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Matt Dillon discusses career in festival's dullest conference

In one of the most peculiar, dull and yawn-inducing press conferences of the festival so far, American star Matt Dillon was showered with typical questions about his career and the nondescript, critically panned 2002’s directorial debut “City of Ghosts. The festival organizers rescheduled Dillon’s official press conference from Sunday to Saturday following the screening of …


In one of the most peculiar, dull and yawn-inducing press conferences of the festival so far, American star Matt Dillon was showered with typical questions about his career and the nondescript, critically panned 2002’s directorial debut “City of Ghosts.

The festival organizers rescheduled Dillon’s official press conference from Sunday to Saturday following the screening of “Ghosts without providing explanation.

Nearly half of the questions, submitted by critics uninterested to discuss the star’s admirable and eclectic career, were related to his five-year-old film that was broadcast numerously on satellite and cable TV.

Dressed casually in blue jeans and a black jacket and looking slightly reserved yet keeping his signature cool, Dillon was accompanied by Barry Gifford, the “City of Ghosts scriptwriter who also wrote David Lynch’s “Wild at Heart and “Lost Highway. As expected, hardly any of the questions were addressed to Gifford.

Dillon – who starred in films like Francis Coppola’s “The Outsiders and “Rumble Fish, “Wild Things, and “There’s Something About Mary among many others – was branded as the new James Dean or Marlon Brandon early in his career, a comparison he wasn’t keen on.

“I never really felt comfortable with the James Dean/Brando references, Dillon said. “I admired their work and studied it. They worked from the inside-out and it was important for them to learn how they did when I was studying at the Actor’s Studio.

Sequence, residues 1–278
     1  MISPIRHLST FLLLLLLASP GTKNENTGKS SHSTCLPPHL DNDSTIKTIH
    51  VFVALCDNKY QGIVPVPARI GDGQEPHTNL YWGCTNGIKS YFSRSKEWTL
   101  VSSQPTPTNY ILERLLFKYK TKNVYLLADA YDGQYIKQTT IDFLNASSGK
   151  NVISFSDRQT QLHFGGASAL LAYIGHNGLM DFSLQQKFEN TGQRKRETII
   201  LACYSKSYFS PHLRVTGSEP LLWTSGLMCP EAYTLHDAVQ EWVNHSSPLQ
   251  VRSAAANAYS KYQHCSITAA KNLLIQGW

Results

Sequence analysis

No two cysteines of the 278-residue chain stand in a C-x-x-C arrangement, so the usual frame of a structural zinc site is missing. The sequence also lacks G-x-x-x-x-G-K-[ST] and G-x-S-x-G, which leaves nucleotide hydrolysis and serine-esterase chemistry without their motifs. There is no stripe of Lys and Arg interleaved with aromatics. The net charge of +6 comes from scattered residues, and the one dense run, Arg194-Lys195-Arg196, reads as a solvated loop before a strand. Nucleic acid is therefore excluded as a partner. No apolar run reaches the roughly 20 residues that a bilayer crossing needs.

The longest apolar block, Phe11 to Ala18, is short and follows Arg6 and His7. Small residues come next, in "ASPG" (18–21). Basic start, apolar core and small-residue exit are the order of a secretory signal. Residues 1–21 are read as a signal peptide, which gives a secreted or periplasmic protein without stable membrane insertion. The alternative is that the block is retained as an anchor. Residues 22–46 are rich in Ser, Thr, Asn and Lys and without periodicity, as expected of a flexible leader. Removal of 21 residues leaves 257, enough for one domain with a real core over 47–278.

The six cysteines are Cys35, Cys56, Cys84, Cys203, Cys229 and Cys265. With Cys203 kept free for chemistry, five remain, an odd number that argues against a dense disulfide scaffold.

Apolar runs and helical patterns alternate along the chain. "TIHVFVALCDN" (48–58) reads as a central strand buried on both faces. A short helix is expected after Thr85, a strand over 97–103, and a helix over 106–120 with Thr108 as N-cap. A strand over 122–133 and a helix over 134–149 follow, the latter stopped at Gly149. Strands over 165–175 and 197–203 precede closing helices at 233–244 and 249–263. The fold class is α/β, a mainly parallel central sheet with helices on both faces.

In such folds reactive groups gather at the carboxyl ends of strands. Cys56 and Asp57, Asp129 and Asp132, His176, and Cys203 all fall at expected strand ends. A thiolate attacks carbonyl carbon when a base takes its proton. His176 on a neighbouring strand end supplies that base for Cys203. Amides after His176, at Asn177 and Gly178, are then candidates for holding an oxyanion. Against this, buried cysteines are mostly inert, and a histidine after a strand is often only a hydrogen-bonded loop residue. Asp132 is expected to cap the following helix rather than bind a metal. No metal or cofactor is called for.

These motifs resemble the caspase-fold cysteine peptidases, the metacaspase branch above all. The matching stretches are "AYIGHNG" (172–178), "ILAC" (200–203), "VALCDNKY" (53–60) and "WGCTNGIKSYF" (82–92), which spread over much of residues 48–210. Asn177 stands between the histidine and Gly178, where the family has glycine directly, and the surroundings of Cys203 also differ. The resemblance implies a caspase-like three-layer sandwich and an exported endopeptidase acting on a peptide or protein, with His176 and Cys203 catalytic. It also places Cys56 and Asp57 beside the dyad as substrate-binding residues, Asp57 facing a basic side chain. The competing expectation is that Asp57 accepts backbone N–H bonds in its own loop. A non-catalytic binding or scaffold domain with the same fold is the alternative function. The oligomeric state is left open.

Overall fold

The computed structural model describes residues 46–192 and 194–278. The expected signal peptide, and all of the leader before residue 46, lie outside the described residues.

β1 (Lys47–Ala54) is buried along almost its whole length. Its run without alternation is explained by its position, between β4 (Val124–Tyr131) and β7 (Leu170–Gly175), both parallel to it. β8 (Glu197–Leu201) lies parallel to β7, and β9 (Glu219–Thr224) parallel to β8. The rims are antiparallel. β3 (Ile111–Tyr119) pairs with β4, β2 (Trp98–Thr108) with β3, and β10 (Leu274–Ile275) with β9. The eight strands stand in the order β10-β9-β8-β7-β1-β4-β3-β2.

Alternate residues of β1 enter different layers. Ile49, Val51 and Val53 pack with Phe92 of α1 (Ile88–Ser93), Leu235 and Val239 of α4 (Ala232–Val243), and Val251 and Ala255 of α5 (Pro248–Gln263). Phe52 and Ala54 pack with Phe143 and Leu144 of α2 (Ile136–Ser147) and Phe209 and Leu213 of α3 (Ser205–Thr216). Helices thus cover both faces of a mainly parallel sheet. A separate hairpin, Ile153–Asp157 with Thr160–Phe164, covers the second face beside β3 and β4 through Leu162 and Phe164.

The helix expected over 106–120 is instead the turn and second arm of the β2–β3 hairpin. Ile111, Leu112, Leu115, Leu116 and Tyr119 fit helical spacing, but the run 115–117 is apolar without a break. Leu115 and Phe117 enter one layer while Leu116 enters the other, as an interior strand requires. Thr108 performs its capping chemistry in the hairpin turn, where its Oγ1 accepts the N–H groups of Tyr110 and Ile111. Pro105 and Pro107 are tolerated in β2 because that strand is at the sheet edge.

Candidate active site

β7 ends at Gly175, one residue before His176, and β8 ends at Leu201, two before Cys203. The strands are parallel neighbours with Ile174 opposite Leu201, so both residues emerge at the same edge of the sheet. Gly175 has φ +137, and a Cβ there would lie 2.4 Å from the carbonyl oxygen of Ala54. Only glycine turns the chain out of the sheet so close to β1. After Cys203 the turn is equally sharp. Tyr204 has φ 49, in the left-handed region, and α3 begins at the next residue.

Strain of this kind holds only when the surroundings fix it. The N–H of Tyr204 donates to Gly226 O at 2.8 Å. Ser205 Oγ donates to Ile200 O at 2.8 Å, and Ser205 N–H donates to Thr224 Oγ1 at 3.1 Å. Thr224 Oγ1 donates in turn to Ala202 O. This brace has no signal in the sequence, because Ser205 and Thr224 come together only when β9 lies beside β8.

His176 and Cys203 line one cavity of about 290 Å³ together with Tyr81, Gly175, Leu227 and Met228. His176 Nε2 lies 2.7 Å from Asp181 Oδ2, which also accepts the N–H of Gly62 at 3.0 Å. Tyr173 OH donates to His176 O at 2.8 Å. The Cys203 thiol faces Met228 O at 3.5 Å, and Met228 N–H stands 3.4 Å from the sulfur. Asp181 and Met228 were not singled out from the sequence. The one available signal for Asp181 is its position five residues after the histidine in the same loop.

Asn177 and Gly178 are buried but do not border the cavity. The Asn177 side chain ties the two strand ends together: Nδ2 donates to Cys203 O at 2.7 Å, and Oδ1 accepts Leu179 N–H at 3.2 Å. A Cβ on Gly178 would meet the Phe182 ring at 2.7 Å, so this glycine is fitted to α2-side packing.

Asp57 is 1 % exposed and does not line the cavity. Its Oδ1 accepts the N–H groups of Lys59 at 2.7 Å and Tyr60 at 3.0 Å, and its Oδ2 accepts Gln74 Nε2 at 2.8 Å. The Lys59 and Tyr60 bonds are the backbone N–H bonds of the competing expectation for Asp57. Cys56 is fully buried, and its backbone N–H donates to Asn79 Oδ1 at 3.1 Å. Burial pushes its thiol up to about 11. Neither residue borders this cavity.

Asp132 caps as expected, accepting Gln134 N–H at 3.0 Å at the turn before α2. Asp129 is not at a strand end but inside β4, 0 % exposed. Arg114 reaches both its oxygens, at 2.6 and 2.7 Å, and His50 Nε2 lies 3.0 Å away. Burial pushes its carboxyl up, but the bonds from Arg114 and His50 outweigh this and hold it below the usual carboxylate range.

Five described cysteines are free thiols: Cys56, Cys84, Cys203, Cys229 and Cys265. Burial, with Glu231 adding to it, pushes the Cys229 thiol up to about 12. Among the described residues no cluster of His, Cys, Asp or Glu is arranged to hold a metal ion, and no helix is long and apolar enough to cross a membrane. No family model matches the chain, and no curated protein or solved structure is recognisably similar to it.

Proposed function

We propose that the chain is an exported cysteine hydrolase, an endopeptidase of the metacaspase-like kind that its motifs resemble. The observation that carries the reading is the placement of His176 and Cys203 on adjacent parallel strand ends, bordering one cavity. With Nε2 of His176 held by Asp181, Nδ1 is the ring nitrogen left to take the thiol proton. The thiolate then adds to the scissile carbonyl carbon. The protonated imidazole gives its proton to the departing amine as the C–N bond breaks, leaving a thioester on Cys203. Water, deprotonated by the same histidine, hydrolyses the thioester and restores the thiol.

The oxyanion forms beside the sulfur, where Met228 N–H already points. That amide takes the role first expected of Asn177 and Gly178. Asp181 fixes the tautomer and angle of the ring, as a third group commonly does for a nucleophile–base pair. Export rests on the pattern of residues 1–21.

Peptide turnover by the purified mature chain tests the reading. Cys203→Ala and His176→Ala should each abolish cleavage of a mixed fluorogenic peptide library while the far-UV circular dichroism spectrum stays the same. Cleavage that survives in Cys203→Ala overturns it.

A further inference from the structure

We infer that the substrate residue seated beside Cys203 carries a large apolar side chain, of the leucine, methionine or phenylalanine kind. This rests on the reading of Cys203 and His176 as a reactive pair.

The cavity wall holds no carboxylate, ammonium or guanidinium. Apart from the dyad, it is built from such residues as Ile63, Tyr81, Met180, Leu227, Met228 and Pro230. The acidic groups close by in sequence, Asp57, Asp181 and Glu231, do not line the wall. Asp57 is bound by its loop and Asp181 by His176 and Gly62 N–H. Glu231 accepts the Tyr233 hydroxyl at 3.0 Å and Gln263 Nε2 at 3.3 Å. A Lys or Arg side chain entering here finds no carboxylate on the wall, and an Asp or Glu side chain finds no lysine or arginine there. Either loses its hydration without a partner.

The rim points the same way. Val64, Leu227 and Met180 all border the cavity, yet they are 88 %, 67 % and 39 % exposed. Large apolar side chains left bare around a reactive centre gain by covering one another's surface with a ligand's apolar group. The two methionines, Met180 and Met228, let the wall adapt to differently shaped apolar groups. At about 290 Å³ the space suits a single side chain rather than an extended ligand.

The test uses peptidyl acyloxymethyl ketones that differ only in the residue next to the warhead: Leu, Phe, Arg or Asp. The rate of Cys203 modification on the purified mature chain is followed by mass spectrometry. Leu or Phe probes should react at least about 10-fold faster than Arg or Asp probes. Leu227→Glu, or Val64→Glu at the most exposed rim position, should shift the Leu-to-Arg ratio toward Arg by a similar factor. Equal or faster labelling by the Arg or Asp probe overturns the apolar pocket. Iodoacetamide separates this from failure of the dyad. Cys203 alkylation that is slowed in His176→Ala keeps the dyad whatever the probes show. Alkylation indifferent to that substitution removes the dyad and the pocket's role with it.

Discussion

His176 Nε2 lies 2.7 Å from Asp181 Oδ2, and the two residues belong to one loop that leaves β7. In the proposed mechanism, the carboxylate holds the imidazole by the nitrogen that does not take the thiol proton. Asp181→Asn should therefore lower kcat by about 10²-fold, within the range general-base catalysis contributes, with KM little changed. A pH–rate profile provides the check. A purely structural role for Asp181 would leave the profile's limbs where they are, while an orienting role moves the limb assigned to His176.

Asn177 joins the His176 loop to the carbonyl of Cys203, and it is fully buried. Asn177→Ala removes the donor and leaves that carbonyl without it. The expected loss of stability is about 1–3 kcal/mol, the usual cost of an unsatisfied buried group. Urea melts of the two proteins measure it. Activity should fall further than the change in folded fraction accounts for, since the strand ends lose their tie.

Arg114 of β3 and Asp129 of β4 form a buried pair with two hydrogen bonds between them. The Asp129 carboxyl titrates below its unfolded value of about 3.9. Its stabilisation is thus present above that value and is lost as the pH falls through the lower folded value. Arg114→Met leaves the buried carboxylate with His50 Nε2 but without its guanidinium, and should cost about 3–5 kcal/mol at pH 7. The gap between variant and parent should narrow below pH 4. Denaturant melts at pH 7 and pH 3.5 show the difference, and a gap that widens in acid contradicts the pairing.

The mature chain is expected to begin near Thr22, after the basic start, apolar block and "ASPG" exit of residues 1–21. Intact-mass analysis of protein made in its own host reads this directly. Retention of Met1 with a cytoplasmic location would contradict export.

“The media has tried to present me as a rebel, a heartthrob or whatever, he added. “That doesn’t satisfy my ambitions.

By the mid-80s, Dillon was regarded as a bankable star. But he grew tired of the similar roles he was offered to portray before beginning a series of versatile works that officially started with Gus Van Sant’s “Drugstore Cowboy in 1989.

However, and despite taking on diverse and daring projects, the scripts that did stimulate him were rare.

“I was tired of the material given to me, and that’s why I called Gifford for ‘City of Ghosts’.

The basic idea behind “Ghosts – a crime drama about a con man fleeing to Cambodia to get his share in an insurance scam – hit him on the flight to the South-Asian country. That’s when he decided to develop it with Gifford, who was recommended by Van Sant, and direct it.

“As an actor, you usually get hired and wait for the right script to come, he said. “Sometimes, you wish to come up with your idea and do a whole project yourself, and that’s what happened with ‘City of Ghosts’.

Dillon confessed that he has always been interested in directing. But because he didn’t want to work as a director for hire, it took him so long to ultimately fulfill his passion. He also confirmed that he remains interested to direct again and might work on another project with Gifford.

Asked by an adamant reporter working for an Emirate media outlet if he could attend the Dubai Film Festival, a confused, slightly bored Dillon replied, “I don’t know. I mean I’m not going now.

When the same reporter asked if he’d be willing to make a film in Dubai or the Middle East, Dillon said “I’d love to make a film in Egypt; I mean this is a country that’s been making films for 100 years. It’s a very cinematic country. His answer was greeted by strong applause from the audience.

As for an odd question asking if he would consider making a movie in Palestine, a once again baffled Dillon gave out the most bizarre response of the conference, “I’m always been attracted to places of conflict like Cambodia. The Middle East or Palestine is a place of strong conflict and that would make a basis for a good drama.

“Things don’t work out like that though, he added. “It is the story, characters, cast and crew and ideas that determine the project not the place.

As for his Academy Award nominated role in the best picture Oscar winner “Crash, Dillon said, “I don’t know how many people at that time would have accepted playing a role of a racist cop, but I love it.

“It was a different role, and a challenging one. Crash’s success was a surprise. I never expected it to win best picture at the Oscars.

Topics: Gamma Islamiya

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